The Jungle Curl is not quite as wild as the names implies, but close. This hybrid breed was developed with the hope of creating a cat with a wild look, exuberant yet friendly personality, and distinctly curled ears. They’re the result of a cross between the wild Jungle Cat (or sometimes the Chausie, a Jungle Cat hybrid) and an American Curl, Highland Lynx, or Hemingway Curl. Today, most Jungle Curls are many generations removed from the wild Jungle Cat, with outcrosses to breeds like the Bengal, Serengeti, or Abyssinian, and are considered entirely domestic.
The “curl” in the name Jungle Curl refers to the cat’s unusual out-turned or “curled” ears, a feature they’ve inherited from the domestic side of their hybrid cross. The curl of the ears may be slight, or the tip may curl all the way around to touch the backside of the ear.
Appearance / health:
The Jungle Curl is a larger cat with a long and lean frame. The hind legs are slightly longer than the front legs. The Jungle Curl’s tail may be mid-to-full length, and a bobtail is discouraged in the breed. Extra toes, also known as polydactyly, are a preferred trait, and the toes may be tufted. The eyes are wide-set and slanted, and come in shades varying from gold to green.
The distinguishing characteristic of the Jungle Curl are the ears which curl away from the face. The degree of the curl can vary from slight, to a tip that curls all the way back to touch the back of the ear. The ears are somewhat smaller than average, and may be tufted.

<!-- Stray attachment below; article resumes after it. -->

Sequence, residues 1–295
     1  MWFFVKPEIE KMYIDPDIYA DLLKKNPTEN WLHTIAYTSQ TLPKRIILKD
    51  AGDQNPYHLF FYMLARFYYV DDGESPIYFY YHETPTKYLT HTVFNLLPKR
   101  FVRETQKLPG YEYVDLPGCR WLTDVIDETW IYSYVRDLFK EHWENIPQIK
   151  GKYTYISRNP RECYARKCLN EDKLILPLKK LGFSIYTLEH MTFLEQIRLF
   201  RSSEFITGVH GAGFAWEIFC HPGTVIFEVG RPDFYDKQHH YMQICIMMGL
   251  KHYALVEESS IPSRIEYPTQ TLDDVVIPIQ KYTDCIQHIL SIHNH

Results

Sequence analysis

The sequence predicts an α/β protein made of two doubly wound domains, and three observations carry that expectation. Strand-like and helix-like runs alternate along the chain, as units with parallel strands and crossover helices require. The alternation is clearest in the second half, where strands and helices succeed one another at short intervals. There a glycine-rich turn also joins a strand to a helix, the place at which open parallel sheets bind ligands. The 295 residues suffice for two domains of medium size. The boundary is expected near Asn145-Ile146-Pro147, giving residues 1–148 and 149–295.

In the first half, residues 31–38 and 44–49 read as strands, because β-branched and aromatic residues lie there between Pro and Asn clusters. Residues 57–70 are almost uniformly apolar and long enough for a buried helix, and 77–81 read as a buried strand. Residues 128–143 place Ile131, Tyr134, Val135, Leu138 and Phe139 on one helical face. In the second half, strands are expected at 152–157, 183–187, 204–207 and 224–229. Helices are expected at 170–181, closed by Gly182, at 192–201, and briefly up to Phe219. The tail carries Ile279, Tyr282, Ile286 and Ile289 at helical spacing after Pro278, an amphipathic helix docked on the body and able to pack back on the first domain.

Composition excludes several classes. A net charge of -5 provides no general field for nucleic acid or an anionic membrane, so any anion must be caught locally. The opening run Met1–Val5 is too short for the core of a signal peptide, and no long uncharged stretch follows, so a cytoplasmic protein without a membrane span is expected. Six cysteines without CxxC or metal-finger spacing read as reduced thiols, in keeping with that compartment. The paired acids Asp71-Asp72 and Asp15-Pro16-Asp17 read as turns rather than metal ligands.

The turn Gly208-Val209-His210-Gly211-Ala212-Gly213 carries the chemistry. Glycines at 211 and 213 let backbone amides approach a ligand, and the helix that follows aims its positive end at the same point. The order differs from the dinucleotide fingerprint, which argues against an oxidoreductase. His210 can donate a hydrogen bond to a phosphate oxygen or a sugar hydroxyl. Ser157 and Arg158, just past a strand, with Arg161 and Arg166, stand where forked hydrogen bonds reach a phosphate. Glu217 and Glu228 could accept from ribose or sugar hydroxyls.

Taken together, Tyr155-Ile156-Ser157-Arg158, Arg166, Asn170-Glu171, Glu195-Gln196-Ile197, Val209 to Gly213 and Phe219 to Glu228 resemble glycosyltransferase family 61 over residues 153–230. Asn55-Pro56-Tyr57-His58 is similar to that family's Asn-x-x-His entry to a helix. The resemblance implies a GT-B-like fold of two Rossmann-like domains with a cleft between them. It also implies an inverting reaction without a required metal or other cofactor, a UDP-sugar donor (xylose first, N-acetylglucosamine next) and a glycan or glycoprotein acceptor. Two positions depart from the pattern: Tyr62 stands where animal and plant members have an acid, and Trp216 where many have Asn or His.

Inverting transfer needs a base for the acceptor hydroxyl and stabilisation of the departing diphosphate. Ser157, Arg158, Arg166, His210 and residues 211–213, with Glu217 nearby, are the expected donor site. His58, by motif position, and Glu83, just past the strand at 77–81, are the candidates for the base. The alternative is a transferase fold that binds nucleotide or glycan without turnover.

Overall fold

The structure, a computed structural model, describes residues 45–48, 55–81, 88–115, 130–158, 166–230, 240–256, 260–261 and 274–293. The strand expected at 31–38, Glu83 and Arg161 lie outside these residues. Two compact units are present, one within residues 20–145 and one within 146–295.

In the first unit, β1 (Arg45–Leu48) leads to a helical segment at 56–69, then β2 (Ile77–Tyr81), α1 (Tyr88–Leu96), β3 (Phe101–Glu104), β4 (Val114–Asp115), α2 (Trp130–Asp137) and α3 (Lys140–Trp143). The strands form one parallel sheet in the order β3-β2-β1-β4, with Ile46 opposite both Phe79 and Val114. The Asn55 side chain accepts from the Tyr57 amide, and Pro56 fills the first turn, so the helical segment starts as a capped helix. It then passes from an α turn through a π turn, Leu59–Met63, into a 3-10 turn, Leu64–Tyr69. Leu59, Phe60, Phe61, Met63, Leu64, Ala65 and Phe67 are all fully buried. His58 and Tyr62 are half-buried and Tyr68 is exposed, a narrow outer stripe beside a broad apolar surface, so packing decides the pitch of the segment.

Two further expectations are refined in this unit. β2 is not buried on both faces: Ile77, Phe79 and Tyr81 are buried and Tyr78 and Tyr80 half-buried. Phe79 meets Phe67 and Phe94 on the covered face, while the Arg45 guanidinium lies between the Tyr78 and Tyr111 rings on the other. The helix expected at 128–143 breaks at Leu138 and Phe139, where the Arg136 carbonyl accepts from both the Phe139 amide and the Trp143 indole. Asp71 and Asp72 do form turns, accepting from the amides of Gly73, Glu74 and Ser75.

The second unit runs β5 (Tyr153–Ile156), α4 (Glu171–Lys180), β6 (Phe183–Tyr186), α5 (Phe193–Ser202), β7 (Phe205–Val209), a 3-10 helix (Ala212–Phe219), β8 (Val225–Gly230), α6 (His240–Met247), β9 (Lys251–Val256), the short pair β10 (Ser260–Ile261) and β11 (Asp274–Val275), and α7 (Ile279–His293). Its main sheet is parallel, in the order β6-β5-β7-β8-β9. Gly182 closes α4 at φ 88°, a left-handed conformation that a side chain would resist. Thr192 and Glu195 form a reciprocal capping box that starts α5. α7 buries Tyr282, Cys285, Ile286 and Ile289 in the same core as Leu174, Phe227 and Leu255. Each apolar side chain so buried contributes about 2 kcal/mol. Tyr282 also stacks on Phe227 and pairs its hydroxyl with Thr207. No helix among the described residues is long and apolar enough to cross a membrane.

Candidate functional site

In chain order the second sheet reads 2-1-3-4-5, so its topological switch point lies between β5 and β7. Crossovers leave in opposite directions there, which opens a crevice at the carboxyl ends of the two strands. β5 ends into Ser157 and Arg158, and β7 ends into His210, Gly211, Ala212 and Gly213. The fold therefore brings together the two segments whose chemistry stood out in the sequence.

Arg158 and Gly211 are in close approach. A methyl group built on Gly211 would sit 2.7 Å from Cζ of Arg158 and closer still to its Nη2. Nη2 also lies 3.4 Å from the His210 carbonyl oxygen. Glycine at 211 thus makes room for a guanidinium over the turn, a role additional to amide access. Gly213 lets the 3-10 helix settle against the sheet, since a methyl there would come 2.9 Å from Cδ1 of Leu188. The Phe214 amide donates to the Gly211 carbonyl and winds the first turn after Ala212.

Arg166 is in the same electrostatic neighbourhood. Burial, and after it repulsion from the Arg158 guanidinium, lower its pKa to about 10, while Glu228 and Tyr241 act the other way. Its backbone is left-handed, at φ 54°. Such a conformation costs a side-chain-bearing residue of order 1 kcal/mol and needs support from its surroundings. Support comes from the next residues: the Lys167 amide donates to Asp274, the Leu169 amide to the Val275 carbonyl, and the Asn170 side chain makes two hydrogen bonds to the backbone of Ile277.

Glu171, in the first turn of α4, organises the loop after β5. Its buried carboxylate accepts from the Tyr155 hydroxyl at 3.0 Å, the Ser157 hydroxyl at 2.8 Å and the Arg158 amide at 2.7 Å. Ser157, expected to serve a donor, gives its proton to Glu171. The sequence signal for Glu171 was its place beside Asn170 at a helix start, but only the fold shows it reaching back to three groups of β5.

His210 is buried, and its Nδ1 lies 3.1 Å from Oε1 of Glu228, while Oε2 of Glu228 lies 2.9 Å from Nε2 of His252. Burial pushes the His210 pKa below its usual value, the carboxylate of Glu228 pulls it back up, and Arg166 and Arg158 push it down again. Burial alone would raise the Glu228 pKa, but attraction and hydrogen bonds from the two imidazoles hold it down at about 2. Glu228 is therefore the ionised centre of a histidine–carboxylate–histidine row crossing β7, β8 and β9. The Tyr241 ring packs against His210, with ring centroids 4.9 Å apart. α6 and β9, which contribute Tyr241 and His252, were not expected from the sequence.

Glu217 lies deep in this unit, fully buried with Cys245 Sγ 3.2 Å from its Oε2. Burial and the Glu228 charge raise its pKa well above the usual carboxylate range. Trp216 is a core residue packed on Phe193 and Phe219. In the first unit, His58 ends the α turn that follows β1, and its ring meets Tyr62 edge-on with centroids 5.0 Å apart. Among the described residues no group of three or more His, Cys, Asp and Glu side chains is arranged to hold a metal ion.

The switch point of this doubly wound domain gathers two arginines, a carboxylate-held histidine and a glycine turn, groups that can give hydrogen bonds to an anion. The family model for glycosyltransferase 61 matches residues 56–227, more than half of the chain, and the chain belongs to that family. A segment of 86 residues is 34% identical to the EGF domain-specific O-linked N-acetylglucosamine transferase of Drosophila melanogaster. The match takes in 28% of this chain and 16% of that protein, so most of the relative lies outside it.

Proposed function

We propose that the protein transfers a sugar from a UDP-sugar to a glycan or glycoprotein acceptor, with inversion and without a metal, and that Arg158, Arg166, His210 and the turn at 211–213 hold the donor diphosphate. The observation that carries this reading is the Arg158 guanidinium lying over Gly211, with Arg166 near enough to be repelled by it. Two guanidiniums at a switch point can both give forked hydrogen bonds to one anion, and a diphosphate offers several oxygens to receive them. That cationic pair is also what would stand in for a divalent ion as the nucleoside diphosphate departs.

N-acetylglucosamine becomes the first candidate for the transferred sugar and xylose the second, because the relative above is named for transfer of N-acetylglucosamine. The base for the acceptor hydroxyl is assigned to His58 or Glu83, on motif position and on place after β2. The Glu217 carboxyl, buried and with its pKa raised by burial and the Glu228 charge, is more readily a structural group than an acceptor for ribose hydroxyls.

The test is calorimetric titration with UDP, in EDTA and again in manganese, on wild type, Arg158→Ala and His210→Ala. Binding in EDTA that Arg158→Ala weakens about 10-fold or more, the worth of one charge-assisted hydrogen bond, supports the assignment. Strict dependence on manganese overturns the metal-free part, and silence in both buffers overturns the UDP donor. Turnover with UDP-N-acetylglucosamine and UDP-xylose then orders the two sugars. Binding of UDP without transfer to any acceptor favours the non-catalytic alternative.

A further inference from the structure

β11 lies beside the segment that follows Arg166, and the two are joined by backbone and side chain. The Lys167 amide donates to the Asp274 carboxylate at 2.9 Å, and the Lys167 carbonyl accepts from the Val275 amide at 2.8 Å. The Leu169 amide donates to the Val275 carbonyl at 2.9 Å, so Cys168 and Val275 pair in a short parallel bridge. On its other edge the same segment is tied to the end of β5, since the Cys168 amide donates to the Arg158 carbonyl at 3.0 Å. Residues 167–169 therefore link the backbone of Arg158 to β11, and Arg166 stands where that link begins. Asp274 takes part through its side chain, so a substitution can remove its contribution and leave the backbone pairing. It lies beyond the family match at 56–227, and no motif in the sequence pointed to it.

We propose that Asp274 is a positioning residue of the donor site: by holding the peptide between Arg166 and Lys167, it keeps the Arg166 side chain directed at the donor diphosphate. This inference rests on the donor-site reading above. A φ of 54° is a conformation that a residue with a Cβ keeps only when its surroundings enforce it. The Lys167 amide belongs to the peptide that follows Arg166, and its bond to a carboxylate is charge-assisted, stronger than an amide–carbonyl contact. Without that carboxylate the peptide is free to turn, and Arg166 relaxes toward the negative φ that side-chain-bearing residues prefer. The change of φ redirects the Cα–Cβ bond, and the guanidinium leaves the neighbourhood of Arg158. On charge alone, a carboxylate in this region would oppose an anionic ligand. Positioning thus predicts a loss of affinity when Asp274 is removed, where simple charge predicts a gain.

The Jungle Curl may have long or short hair. Recognized coat patterns are tawny (ticked), leopard, and clouded leopard. Colors are silver, mink, lilac, fawn, chocolate, sorrel, blue, ebony, with the occasional red and cream.
Behavior / temperament:
The Jungle Curl is an intelligent and affectionate cat. It is often described as being “doglike” The Jungle Curl is energetic, playful, and fearless and enjoys playing and interacting with its owner. They thrive on attention, and a lonely and bored Jungle Curl may find themselves creatively destructive! They are good with other pets and children.
For their own safety, and the safety of local wild life, the Jungle Curl should not be allowed to free-roam. However, they should be given lot of opportunities to play and climb, and an outdoor enclosure is ideal for this breed.
Great diet to prevent and treat bladder stones
I highly recommend Hill's Prescription Diet c/d wet food for treatment and prevention of bladder stones. Bladder stones in cats are predominantly composed of either struvite or oxalate minerals. They can be very irritating and lead to pain while urinating, obstruction, blood in the urine, and infection. The c/d diet is formulated to alter the bladder environment to make it unfavorable for stone formation. C/d also comes as a dry kibble. The wet version is recommended because the extra moisture helps to dilute the urine, which reduces inflammation and pain. Oxalate stones always require surgical removal. After surgery, Hill's c/d diet can be used to prevent recurrence. Struvite stones may also be surgically removed, but can also be dissolved without surgery if the cat is placed on a strict c/d diet. Once the stone is dissolved, the c/d diet should be continued to prevent recurrence. The c/d diet is very safe. If you have multiple cats, it is usually okay for all cats to eat this diet. It is only available with a prescription from a vet and is somewhat expensive. In the end it will save money by greatly reducing the chance of bladder stone recurrence. .
From M Teiber DVM 113 days ago